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Ontario police make largest fentanyl seizure in province's history
A container of fentanyl tablets seized on May 30, 2020 is shown in an OPP handout image.
TORONTO -- A series of raids last month netted more than 120,000 fentanyl pills and 70 kilograms of powder, making it the largest fentanyl seizure in Ontario law enforcement history.
Dubbed "Project Javelin," an investigation by the OPP and several other Toronto-area police services began in April, with officers gathering intelligence on an alleged fentanyl tablet operation smuggling 325mg pills throughout Ontario and British Columbia.
Often described as being 50 times more potent than heroin, fentanyl has led to hundreds of deaths in both provinces over the past five years.
On May 27, police in B.C. intercepted "a large quantity of fentanyl pills," allegedly made to resemble Teva Pharmaceuticals’ Teva‐Oxycocet 5mg/325mg pill.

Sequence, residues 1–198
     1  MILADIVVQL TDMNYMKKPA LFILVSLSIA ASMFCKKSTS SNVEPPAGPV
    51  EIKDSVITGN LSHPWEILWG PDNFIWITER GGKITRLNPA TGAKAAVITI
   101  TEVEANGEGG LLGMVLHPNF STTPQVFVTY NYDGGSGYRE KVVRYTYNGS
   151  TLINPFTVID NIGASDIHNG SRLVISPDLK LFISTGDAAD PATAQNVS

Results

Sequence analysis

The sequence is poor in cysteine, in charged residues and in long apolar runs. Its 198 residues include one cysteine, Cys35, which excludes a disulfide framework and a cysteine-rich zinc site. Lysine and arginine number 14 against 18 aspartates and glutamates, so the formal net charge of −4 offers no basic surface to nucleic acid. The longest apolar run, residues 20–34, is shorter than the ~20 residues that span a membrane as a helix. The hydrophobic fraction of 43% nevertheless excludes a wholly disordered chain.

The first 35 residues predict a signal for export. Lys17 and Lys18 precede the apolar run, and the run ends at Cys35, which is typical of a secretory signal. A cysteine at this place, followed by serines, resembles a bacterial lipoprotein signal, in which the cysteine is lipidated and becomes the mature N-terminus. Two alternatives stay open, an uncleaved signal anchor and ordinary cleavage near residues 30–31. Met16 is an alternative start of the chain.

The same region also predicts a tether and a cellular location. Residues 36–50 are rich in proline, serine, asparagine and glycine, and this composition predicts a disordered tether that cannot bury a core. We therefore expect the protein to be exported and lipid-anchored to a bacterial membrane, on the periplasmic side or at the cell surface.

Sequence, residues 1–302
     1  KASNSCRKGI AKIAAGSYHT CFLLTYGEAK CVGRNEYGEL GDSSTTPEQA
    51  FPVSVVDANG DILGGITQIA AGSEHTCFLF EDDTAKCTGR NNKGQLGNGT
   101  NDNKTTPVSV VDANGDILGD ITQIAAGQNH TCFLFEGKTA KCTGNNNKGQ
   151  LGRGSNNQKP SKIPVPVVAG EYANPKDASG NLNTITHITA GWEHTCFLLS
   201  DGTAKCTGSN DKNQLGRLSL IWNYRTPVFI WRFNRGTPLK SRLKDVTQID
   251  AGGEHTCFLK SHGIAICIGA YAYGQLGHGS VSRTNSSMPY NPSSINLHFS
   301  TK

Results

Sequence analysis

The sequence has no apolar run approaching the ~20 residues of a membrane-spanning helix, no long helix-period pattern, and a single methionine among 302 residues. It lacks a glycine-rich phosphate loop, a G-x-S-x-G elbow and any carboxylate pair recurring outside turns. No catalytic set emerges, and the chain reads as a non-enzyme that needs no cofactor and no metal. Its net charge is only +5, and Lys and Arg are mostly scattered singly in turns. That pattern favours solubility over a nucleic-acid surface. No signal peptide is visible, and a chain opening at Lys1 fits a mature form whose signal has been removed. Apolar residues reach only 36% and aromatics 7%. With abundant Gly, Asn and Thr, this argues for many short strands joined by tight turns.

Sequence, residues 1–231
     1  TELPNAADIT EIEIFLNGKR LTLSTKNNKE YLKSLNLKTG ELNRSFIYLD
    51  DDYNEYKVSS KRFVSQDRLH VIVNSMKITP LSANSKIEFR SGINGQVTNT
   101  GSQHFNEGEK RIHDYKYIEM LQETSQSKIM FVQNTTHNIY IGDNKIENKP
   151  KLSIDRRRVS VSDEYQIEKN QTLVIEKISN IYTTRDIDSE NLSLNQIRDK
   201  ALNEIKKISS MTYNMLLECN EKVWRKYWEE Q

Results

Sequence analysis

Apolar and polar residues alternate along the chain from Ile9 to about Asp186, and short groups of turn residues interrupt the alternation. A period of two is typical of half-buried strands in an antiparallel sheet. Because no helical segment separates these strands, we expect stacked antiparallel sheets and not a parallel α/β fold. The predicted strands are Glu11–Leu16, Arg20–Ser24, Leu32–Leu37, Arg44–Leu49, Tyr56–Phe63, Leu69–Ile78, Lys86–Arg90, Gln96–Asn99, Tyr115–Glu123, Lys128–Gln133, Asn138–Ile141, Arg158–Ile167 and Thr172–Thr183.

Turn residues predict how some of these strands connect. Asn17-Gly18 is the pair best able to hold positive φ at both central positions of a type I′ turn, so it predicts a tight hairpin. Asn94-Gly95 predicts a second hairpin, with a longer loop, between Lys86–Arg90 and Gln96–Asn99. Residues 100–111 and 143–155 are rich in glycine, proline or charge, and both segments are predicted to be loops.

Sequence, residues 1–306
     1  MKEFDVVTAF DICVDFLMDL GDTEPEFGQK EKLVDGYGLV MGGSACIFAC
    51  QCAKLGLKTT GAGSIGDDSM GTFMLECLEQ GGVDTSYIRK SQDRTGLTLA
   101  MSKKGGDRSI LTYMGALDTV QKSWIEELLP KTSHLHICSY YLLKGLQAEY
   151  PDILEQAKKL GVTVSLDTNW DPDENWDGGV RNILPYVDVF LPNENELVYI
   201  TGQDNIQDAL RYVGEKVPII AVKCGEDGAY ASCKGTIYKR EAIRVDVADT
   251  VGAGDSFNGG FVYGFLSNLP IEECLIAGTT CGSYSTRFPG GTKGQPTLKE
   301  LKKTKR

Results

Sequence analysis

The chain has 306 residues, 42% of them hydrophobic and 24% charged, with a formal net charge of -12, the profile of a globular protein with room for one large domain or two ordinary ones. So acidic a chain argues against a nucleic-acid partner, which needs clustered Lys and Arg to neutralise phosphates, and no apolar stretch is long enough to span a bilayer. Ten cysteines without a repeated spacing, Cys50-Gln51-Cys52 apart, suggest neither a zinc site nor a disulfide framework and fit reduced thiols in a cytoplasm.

Three days later, police in Ontario conducted four raids in Burlington and one in Oakville, locating a home allegedly containing an industrial mixer, pill press and other tools for producing an enormous supply of the deadly opioid.
Police allegedly seized 123,700 fake 325mg Oxycocet tablets, 70 kilograms of bulk fentanyl powder, three commercial mixers, a pill coating machine, two pill presses, rolls of fake Teva pill bottle labels, 300 kilograms of powder cutting agent and $20,000 in cash.
Three men were taken into custody and later released on undertakings.
The Ontario Provincial Police identified them as Edin Sefic, 34, Halid Sefic, 30, both of Burlington and Richard Atanasoff, 54, of Toronto.
They face charges including production of a controlled substance, trafficking of a controlled substance and possession of property obtained by crime.
All three will appear in court in September.